Fluctuation analysis is robust to heterogeneity in the ATP binding rate (yielding heterogeneous mean speeds at limiting ATP), and controls allowed us to eliminate heterogeneity in bead size or in the stiffness of the bead–kinesin linkage as possible sources of additional variance (Table 1; Methods). Futile hydrolysis events that do not lead to a step can increase r, but not above unity14. Occasional pauses in movement, perhaps resulting from momentary sticking of beads to the coverglass or from motors transiently entering non-motile biochemical states, also increase variance. Sticking can be eliminated as an explanation because it would produce a concomitant reduction in brownian noise, and this was not observed. Transient inactive states causing r ≳ 1 at limiting ATP result in even further increases beyond this value of randomness at moderate to saturating levels of ATP, and are therefore inconsistent with the data. Two more possibilities merit examination: that ATP hydrolysis might occasionally produce backwards movement, a behaviour noted previously at higher external loads13 and also in this study; and that a single ATP hydrolysis might occasionally produce a double step of 16 nm, a transition that would appear indistinguishable from two 8-nm steps in rapid succession.
How frequent must such events be to give r = 1.2–1.5 at limiting ATP? We addressed this question by using analytical expressions for r subject to each of the candidate mechanisms (Methods). The observed randomness could be generated if either ∼16% of steps were 16 nm or ∼7% of steps were backwards. By visual examination of records, we scored 6–9% of all steps at low ATP as being backwards. However, using the identical approach, 4–5% of steps were spuriously identified as backwards in controls in which beads were attached in rigor and the stage stepped stochastically in one direction only. Neither mechanism (nor admixtures of the two) can therefore be eliminated, and either produces an acceptable, one-parameter fit to the data (Fig. 3b). However, the additional variance derives from a minority of events: 84–93% of 8-nm steps correspond to a single ATP hydrolysis. In contrast, if 16-nm steps per hydrolysis were the norm, this behaviour would be unmistakable in the records, and the value of r would be 2 (or more) at limiting ATP. Our data are equally incompatible with 8-nm steps arising from the hydrolysis of two ATP molecules, because neither mechanism is adequate to raise the limiting value of r at low ATP from 0.5 to the observed value: to do so would require that we fail to detect that in excess of ∼20% of steps went backwards, and no fraction whatsoever of 16-nm advances alone could raise r from 0.5 to beyond 1.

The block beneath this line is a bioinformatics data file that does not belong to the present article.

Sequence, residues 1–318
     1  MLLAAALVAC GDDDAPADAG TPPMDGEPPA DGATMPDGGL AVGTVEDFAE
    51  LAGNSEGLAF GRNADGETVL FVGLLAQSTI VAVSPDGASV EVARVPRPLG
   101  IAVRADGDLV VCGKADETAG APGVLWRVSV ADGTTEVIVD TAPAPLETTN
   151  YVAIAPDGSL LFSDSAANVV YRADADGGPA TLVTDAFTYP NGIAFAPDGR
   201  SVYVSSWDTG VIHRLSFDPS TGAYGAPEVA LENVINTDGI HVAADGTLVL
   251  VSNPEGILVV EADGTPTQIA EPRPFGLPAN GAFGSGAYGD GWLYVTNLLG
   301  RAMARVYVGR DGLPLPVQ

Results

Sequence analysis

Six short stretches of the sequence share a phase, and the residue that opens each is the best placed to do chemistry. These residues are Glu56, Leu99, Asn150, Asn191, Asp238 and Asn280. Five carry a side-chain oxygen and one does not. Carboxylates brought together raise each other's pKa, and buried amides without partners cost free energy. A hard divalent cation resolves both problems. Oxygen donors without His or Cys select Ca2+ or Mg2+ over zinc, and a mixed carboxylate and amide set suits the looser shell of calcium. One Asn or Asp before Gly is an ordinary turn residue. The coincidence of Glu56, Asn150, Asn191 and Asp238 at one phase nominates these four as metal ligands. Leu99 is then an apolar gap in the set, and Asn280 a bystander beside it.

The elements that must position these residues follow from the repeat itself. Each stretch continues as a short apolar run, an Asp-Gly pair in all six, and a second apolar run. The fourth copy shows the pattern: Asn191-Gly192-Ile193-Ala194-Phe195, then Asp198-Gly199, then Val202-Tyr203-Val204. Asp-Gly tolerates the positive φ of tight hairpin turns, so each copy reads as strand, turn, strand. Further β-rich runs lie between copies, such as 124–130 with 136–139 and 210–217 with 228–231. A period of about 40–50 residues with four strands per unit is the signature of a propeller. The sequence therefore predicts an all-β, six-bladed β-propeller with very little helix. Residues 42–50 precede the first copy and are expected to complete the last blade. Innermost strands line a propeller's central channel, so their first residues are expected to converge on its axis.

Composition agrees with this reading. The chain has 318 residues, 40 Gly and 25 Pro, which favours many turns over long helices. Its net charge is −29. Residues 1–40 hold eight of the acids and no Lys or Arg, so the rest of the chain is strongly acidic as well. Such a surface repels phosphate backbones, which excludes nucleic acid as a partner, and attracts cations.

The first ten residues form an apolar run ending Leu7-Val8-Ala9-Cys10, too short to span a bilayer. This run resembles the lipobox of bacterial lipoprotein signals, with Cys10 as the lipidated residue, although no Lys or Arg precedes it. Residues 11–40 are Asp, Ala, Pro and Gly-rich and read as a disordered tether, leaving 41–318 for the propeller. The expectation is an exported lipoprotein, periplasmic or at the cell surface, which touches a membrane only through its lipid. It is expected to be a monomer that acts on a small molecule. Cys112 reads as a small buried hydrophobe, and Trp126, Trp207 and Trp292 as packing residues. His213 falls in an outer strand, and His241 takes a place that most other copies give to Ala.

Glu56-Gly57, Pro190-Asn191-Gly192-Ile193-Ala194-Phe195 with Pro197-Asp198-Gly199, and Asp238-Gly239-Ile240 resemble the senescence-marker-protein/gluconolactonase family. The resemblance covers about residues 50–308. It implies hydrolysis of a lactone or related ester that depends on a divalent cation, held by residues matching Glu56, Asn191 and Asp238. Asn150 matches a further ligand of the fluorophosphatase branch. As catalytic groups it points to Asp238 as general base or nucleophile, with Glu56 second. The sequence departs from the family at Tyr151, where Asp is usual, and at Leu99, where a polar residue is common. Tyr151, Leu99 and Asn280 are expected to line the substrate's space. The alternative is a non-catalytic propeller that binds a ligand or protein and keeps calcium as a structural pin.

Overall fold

These findings place important constraints on theories of kinesin movement. The Michaelis–Menten dependence of kinesin velocity4 (Fig. 1) is consistent with a solitary ATP binding event per step, and is incompatible with a simultaneous requirement for two ATP molecules. However, Michaelis–Menten kinetics are equally consistent with kinetic schemes in which two ATP molecules bind sequentially to each of two heads. This can happen, in particular, whenever the two binding events are separated by a kinetically irreversible transition. Specific examples include ATP binding to each of two cooperative sites in an ordered sequence to produce a step, or ATP binding irreversibly in random order to each of two non-interacting sites. Such possibilities are excluded by our data. Furthermore, we can exclude models in which kinesin molecules hydrolyse multiple ATPs per 8-nm step23, and all models in which ATP hydrolysis results in an average advance in excess of 8–9 nm, (the so-called ‘many-to-one’ coupling scenarios9,11). Models that remain consistent with our study include those in which the centroid of the molecule advances in increments of 8 nm (refs 22, 24, 25), for example through alternating 16-nm steps by each of the two heads23,26,27, or those in which each ATP molecule produces a composite of two shorter ‘substeps’28. However, to be consistent with our findings, substeps must obey certain constraints. First, one of the substeps must be ATP-dependent, whereas the other must be ATP-independent. Second, the ATP-independent substep must be at least as fast as kcat (or faster), in view of the behaviour at saturating ATP levels. Putting in numbers, this implies the maximum duration between substeps must be under ∼15 ms at low loads, and so could not be resolved with instrumentation such as ours. If substeps were somehow to be detected under other conditions (for example, if 8-nm steps were actually a composite of 3- and 5-nm substeps that could be visualized at moderate load, separated by ∼50 ms and more20) this would imply that the ATP-independent substep was strongly load dependent, and that its rate slowed dramatically with increased load. However, one model that incorporates substeps predicts that the second substep should proceed rapidly, not slowly, under such loads23. Addressing this issue experimentally will require additional work at higher forces.